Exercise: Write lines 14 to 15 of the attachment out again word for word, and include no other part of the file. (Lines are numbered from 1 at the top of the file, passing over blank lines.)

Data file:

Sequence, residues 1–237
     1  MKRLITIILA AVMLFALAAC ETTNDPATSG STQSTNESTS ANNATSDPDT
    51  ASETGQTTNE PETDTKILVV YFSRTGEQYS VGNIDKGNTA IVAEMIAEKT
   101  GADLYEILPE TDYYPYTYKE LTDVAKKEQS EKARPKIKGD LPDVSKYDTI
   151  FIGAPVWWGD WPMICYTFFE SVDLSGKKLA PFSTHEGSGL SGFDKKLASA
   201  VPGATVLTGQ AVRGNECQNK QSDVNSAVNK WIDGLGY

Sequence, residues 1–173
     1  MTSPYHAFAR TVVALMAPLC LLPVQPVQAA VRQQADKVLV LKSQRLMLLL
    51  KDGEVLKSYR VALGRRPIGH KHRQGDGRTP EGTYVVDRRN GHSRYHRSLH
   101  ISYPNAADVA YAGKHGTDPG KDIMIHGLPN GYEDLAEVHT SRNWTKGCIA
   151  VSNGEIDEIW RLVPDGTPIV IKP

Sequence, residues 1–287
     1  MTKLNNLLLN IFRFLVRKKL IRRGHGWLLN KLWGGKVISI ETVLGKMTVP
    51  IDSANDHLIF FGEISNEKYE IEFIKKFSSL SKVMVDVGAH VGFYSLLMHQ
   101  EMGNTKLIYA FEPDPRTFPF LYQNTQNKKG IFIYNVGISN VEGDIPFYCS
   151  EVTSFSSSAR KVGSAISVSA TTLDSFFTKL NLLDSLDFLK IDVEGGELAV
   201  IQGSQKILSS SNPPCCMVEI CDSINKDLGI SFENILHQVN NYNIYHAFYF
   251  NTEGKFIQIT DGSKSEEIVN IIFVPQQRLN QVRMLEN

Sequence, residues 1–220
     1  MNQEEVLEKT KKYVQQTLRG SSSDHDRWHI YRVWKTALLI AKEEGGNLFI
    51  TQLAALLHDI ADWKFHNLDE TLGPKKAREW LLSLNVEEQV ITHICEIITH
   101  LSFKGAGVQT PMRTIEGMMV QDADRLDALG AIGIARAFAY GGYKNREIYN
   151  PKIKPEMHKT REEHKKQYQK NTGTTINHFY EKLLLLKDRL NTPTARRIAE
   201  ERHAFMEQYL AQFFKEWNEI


    51  IDSANDHLIF FGEISNEKYE IEFIKKFSSL SKVMVDVGAH VGFYSLLMHQ
   101  EMGNTKLIYA FEPDPRTFPF LYQNTQNKKG IFIYNVGISN VEGDIPFYCS